I am pleased to share several comments:

1. Game based learning changes thinking and improves creativity as you noted. As an example, using Harvard Business School case reviews to reinforce complex business concepts is the traditional approach used in business schools. If you couple these with a simulation game, for example, which lets students establish product mix and pricing strategies to maximize profits and EPS, you see real benefits. The key point here – the case studies and the gaming alone provide benefits but working together provides greater benefits, i.e., the “ 1 + 1 = 3” situation. We are changing student ‘thinking’ here

2. The optimum solution is as you noted to integrate educational gaming with other forms of instruction as you noted. But the challenge is both creating strong content such as noted above and developing the proper mix of time and resources. I am looking at this challenge now to structure both traditional and ‘gaming’ courseware for educating entrepreneurs ( including possibly K-12 level).

3. We need to educate decision and policy makers on the benefits of educational gaming. On the one hand, many are emphasizing the need for increased social interaction and reducing ‘screen time’- educational gaming and electronic courseware moves in the opposite direction. Creative educational gaming requiring some social interaction (such as integrating teaming an approach I am looking at in entrepreneurial courseware) appears to be an effective solution and there may be others.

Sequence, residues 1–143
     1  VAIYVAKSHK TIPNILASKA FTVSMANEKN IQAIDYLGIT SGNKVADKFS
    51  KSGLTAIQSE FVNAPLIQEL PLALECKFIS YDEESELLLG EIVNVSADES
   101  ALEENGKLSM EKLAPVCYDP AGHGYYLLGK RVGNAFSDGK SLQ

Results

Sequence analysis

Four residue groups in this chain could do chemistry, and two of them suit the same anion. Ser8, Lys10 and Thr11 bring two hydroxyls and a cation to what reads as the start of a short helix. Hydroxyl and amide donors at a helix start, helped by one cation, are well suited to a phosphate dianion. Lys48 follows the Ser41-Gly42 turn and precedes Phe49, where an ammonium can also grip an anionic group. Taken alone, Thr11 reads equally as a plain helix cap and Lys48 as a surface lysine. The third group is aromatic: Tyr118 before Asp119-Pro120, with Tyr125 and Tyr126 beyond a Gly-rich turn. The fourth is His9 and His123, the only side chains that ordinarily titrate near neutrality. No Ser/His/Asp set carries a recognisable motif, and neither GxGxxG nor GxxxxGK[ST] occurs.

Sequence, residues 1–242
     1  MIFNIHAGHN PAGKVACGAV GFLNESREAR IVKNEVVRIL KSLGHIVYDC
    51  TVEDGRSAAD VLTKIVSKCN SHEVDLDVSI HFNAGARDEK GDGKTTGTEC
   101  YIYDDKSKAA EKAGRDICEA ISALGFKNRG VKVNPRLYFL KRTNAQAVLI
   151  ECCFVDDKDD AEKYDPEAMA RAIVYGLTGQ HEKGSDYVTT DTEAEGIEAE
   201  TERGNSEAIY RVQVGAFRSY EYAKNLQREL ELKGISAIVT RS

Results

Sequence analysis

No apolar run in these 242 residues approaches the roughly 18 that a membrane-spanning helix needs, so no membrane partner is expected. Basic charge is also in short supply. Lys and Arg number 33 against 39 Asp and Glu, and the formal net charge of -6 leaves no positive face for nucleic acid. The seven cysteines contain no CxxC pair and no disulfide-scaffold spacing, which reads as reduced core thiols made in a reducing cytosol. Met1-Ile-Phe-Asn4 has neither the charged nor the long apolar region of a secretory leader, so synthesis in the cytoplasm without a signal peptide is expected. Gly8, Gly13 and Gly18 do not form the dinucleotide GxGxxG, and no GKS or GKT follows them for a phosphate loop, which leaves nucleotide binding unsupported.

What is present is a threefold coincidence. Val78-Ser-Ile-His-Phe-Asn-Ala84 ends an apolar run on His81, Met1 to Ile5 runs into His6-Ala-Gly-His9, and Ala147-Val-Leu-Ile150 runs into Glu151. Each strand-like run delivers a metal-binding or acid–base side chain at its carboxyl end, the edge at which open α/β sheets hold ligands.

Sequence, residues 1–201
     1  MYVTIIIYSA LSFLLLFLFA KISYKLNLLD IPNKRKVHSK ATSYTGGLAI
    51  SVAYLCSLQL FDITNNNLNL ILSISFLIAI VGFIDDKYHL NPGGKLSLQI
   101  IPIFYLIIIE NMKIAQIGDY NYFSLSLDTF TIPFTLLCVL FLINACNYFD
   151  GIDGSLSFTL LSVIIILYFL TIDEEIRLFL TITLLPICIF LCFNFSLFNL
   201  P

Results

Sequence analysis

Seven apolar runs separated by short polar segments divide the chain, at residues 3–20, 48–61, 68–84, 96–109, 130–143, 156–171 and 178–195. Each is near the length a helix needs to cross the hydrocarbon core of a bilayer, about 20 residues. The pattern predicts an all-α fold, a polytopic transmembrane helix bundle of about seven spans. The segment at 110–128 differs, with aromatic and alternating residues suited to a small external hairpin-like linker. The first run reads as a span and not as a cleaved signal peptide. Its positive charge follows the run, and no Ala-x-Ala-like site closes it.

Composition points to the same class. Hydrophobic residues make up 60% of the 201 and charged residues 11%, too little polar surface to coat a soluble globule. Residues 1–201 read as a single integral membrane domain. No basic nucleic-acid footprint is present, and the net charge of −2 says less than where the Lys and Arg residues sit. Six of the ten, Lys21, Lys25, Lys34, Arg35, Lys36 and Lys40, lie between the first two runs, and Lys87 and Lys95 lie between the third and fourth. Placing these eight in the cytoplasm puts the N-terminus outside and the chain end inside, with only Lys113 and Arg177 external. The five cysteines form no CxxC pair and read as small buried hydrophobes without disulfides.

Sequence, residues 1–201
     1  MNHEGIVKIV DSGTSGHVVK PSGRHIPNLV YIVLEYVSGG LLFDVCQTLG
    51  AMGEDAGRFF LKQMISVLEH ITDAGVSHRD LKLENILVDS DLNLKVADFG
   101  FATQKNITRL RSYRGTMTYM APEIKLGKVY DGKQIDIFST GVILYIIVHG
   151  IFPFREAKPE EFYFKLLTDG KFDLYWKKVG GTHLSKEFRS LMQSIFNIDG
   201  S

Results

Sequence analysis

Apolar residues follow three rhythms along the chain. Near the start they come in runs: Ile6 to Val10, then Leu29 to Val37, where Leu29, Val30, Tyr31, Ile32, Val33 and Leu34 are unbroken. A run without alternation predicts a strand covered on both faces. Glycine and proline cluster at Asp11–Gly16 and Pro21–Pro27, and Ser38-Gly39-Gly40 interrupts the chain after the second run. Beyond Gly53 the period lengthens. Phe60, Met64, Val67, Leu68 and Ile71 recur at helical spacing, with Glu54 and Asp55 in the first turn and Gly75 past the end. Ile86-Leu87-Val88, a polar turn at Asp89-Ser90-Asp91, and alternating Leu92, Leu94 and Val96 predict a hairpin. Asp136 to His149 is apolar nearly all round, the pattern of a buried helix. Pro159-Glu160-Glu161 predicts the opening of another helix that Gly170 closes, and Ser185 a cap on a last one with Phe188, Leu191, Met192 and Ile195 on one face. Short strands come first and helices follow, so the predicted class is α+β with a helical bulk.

4. Decision and policy makers also have to be comfortable moving to electronic media. This is changing and the work of your group and other is helping, but as we know, despite looking at a classroom filled with student I-pads, many instructors and decision makers are still ‘clinging to textbooks.’

Bottom line here – educational gaming is still in its infancy – very exciting, high growth area that can in my view fuel significant improvement in our K-12 educational system and other areas as well.

Paul B. Silverman is Managing Partner Gemini Business Group, LLC (www.geminibusinessgroup.com), a new venture development firm. He has four decades senior corporate management, management consulting, adjunct professor, and entrepreneurial management experience. He writes about entrepreneurship, healthcare, analytics, strategy management. Author of “8 Building Blocks To Launch, Manage, And Grow A Successful Business.   Follow his blog at http://paulbsilverman.com/blog/